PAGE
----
Last Thursday, George Osborne presented the UK Government’s Autumn Statement to Parliament against a backdrop of positive economic data. UK economic growth forecasts received the largest upward revision in more than a decade, from 0.6% to 1.4% in 2013 and from 1.8% to 2.4% in 2014.
However, the Office of Budget Responsibility warned that the growth is largely cyclical and does not necessarily reflect an improvement in the long-term outlook. Indeed, the Chancellor was also keen to emphasize that ‘the job is not yet done’, which may explain why the policy ‘update’ contained as many as 59 individual policy decisions.
- Corporation Tax – as previously announced, the main corporation tax rate will drop from 23% to 21% from April 2014;
- Employers’ NIC – this will be removed for employees under the age of 21 on earnings up to £813 per week; and
- Employment Allowance – as previously announced, businesses could receive a £2,000 Employment Allowance to reduce the cost of increasing employment from April 2014.
Investment and Ownership
- Corporation tax loss relief provisions – easing restrictions on the availability of relief for corporation tax losses following a change in a company’s ownership;
- Income tax relief for qualifying loan interest – from April 2014, the income tax relief established for interest paid on loans to invest in UK close companies and employee-controlled companies will be extended to cover investments in such companies that are resident throughout the European Economic Area;
- Employee ownership – from October 2014, companies controlled by an employee ownership trust can make employee bonus payments exempt from income tax, up to the value of £3,600. This builds on the announcement in the 2013 Budget that introduced capital gains tax relief on the sale of a controlling interest in a business into an employee ownership structure; and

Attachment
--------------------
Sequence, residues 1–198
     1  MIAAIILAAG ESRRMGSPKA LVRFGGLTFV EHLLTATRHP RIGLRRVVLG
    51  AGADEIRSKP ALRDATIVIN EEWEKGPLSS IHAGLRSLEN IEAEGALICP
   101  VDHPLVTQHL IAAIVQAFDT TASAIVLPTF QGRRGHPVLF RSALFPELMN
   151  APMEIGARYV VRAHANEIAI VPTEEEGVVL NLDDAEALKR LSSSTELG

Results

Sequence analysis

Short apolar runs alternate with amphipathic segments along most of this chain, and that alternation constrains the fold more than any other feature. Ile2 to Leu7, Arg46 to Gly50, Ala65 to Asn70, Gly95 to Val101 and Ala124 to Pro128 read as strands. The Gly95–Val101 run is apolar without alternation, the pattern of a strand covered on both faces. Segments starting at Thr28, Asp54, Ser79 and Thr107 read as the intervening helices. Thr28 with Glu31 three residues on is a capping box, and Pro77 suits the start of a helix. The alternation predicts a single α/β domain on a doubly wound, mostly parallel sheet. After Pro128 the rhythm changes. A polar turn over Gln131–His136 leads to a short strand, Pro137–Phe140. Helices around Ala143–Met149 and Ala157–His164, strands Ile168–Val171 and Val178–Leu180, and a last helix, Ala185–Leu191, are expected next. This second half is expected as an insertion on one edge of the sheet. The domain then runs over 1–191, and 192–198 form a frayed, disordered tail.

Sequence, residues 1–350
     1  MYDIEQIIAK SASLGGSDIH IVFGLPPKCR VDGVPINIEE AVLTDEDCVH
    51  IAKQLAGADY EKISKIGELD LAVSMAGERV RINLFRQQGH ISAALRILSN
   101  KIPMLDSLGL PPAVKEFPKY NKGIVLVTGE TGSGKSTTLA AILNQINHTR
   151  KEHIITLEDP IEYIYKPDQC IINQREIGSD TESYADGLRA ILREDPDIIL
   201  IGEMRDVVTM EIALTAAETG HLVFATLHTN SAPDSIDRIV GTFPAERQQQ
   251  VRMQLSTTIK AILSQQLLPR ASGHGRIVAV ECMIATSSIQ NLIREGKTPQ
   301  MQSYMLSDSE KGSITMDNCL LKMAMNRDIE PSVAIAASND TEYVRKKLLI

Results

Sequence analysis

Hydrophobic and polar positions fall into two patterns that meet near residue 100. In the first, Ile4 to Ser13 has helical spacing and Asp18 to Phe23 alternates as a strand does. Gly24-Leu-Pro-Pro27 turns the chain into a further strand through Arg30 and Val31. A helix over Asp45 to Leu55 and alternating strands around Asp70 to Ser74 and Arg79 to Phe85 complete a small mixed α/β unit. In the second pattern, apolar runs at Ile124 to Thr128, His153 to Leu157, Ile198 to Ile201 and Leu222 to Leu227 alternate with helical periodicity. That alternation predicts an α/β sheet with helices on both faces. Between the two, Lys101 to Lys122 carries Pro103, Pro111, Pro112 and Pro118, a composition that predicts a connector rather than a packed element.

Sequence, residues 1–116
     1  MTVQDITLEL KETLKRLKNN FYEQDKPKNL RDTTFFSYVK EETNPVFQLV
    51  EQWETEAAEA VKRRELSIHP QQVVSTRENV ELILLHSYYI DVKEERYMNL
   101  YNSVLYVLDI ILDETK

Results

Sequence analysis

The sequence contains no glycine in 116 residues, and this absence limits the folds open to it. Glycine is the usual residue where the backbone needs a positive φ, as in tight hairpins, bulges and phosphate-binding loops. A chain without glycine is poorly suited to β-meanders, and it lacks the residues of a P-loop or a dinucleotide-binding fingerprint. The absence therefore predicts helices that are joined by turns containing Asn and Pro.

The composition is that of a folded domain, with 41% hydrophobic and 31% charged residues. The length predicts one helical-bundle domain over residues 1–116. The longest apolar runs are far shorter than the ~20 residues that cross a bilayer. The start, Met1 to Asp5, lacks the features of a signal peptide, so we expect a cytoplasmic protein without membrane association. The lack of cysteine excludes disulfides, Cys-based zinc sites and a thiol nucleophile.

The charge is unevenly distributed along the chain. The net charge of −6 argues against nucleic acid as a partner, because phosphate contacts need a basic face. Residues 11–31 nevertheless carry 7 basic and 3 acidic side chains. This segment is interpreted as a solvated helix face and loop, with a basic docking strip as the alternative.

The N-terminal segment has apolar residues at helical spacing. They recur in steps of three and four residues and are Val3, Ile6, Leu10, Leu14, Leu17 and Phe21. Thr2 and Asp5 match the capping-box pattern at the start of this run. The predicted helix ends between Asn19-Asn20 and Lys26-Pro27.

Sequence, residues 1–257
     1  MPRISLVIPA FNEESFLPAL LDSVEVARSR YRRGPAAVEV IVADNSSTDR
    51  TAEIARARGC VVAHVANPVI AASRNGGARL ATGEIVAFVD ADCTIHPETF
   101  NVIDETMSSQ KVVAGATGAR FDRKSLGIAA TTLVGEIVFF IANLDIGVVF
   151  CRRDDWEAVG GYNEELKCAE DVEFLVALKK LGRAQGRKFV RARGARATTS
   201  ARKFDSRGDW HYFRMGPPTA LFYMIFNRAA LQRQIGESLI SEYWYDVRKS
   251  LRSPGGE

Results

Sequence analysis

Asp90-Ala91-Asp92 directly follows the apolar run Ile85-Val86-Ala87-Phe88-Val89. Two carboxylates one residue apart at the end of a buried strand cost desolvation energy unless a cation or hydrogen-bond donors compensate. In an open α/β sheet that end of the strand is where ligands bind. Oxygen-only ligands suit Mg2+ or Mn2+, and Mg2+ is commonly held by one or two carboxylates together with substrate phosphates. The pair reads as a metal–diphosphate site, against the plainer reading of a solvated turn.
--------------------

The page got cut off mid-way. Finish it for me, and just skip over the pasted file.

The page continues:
- Office of Tax Simplification (OTS) review of employee share schemes – the UK Government announced plans to implement in 2014 a package of simplifications proposed by the OTS in relation to unapproved employee share schemes, including changes to the tax basis for employment-related securities and options awarded to internationally mobile employees.
The Autumn Statement also contained announcements regarding personal taxation as well a range of measures targeting tax evasion, both by corporates and individuals.
Overall, the announcements made by the UK Government in its Autumn Statement have been generally welcomed by the business community, with John Allan, Chairman of the Federation of Small Businesses stating: “Today’s Autumn Statement represents steady progress, with a range of announcements that address members’ concerns in the cost of doing business.”
However, John Longworth, Director General of the British Chambers of Commerce echoed caution: “While Britain’s economy is improving, and our businesses report strong confidence, the UK is still some way from achieving the truly great economy we need.”